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ClassicsOnline Home » PUCCINI: Turandot
Giacomo Puccini (1858-1924)
Giacomo Puccini, christened with the forenames Antonio Domenico Michele Secondo Maria in 1858, inherited with these names the long musical traditions of his family. Resident in Lucca, the earlier Giacomo Puccini, born there in 1712, served as organist at S Martino and directed the Cappella Palatina until his death in 1781, when he was succeeded by his son Antonio, born in 1747, who had assisted his father also at S Martino and, like his father, was a member of the distinguished Bologna Accademia Filarmonica. His son Domenico, born in 1772, directed the Cappella di Camera from 1806, after the disbanding of the earlier Cappella Palatina by Napoleons sister, Elise Baciocchi, who became Regent of Lucca in 1805. Domenico Puccini died suddenly in 1815 and was outlived by his father, who died in 1832. Domenico Puccinis son Michele, born in 1813, was taught by his grandfather Antonio and served in Lucca as a teacher and later director at the Istituto Musicale Pacini and as organist at S Martino. It was his son Giacomo who brought much wider fame to the family.
Earlier generations of the Puccini family had been largely concerned with church music, although they had also composed movements for dramatic Tasche, composite choral and instrumental works to mark the biennial elections in Lucca. Domenico, while continuing the tradition of church music and Tasche, also turned his fuller attention to opera, a form attempted only briefly by his son Michele. Family tradition suggested that Giacomo Puccini should follow family tradition in the restricted musical world of Lucca, but his ambitions were to turn into another direction, when he moved to Milan to pursue his operatic ambitions.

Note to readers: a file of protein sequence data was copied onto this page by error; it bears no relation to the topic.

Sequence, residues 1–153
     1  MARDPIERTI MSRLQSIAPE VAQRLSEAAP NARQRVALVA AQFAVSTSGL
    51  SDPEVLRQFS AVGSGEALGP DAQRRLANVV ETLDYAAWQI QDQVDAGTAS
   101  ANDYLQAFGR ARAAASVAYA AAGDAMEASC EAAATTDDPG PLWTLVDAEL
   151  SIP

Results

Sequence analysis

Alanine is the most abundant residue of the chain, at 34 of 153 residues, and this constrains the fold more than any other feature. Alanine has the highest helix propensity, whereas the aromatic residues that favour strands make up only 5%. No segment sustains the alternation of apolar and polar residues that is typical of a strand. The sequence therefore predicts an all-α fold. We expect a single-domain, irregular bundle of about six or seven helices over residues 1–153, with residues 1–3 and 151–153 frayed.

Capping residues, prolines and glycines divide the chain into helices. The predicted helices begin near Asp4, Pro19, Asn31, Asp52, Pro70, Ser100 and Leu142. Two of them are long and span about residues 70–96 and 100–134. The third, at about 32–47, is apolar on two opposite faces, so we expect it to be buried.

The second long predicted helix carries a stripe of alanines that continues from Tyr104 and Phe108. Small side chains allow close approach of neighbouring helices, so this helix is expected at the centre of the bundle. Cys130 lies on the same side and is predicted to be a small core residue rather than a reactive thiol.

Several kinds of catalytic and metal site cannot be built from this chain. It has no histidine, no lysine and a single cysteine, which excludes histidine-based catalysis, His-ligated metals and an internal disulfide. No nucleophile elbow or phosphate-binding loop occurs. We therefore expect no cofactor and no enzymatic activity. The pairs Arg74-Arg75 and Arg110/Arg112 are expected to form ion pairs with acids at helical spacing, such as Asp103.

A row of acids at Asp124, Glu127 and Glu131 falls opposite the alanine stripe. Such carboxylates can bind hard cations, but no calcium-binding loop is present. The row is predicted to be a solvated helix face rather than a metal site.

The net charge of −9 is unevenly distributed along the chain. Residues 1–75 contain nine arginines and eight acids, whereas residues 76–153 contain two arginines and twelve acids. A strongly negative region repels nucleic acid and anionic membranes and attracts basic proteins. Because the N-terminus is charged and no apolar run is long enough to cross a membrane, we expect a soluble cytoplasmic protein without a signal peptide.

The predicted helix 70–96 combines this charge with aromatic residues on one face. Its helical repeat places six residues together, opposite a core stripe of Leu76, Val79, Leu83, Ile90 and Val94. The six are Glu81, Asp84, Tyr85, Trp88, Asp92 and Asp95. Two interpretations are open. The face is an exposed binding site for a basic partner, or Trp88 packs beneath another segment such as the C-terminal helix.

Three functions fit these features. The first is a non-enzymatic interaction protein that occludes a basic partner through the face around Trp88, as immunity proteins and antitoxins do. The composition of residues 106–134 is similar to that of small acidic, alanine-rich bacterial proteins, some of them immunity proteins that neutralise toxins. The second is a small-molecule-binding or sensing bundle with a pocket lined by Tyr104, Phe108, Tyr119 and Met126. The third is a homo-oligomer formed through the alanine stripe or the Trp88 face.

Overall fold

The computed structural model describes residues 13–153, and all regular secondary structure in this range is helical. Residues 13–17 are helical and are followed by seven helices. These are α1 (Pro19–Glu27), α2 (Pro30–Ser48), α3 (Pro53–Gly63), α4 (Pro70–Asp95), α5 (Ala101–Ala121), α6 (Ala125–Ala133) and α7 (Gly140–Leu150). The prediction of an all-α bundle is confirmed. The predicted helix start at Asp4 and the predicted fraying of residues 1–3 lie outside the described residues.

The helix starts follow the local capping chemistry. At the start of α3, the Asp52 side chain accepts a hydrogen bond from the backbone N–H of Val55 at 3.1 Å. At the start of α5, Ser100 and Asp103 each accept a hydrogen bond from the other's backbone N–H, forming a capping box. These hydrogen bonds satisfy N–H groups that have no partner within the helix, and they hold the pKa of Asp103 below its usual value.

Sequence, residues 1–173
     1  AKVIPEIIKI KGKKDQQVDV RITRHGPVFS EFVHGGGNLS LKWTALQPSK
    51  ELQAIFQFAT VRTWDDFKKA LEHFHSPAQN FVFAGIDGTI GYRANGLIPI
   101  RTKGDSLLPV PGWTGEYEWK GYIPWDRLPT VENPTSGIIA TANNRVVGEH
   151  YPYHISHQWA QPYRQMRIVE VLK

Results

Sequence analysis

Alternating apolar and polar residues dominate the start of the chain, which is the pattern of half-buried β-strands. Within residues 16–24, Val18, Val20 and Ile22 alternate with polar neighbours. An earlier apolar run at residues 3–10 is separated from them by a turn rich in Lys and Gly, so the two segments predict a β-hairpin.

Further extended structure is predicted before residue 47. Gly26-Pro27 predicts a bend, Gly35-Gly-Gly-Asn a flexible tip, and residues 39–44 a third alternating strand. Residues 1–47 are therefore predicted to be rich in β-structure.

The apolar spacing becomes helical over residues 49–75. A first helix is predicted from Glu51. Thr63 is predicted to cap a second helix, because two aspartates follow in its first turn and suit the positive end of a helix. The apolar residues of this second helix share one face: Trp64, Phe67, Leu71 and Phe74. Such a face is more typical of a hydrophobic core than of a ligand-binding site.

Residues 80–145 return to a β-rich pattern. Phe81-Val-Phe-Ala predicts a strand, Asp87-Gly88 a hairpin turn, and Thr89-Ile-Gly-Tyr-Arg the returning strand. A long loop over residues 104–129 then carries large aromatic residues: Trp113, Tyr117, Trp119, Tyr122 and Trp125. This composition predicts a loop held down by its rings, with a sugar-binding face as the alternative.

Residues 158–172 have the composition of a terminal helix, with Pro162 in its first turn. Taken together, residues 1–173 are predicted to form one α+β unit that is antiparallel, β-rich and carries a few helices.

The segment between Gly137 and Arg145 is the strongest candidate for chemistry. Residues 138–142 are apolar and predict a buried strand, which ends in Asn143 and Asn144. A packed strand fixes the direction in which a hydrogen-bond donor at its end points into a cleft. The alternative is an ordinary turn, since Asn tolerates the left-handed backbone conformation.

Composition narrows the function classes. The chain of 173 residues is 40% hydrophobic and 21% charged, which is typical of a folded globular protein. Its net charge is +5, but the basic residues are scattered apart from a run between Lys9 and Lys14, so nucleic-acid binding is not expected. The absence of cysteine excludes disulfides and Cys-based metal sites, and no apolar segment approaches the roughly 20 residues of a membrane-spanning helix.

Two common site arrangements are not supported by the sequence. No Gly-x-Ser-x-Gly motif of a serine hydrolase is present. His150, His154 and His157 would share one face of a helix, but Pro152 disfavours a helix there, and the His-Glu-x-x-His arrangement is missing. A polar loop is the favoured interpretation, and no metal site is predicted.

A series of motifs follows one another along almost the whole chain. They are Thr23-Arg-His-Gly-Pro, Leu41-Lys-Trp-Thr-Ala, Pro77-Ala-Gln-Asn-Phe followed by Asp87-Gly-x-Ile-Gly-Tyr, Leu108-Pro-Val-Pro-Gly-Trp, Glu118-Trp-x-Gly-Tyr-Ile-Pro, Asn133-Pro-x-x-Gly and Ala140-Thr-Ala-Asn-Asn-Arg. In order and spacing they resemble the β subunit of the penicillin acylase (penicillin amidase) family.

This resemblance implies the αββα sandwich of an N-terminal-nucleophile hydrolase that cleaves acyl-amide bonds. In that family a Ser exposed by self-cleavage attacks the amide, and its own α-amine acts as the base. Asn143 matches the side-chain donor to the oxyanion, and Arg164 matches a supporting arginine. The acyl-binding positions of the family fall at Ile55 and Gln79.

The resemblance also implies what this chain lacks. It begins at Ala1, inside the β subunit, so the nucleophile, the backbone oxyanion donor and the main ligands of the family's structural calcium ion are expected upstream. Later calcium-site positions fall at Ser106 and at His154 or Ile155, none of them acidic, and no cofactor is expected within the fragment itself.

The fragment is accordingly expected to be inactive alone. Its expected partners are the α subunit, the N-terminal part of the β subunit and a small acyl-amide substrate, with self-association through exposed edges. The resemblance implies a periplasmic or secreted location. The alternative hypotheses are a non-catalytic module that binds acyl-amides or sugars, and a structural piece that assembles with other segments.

The position of organist at S Martino was generally regarded as the hereditary right of the Puccini family and in 1864, after his fathers death, it was decreed by the city fathers that Puccinis uncle Fortunato Magi, a pupil of Michele Puccini, should hold the position until Giacomo was old enough to assume it. His early studies were with Magi, before he found at the Istituto Musicale Pacini a more stimulating teacher in another of his fathers old pupils, Carlo Angeloni, who also inspired in his pupil an abiding interest in hunting and shooting. Puccini had been a chorister at S Martino and S Michele from the age of ten and began to undertake duties as an organist when he was fourteen. These last led him to write music for the organ, but it was a visit to Pisa in 1876 to attend a performance of Verdis Aida that finally changed the direction of his future career. In 1880 he completed his studies in Lucca, graduating with his Messa di Gloria. In the autumn of that year he began his three years of study at the Milan Conservatory.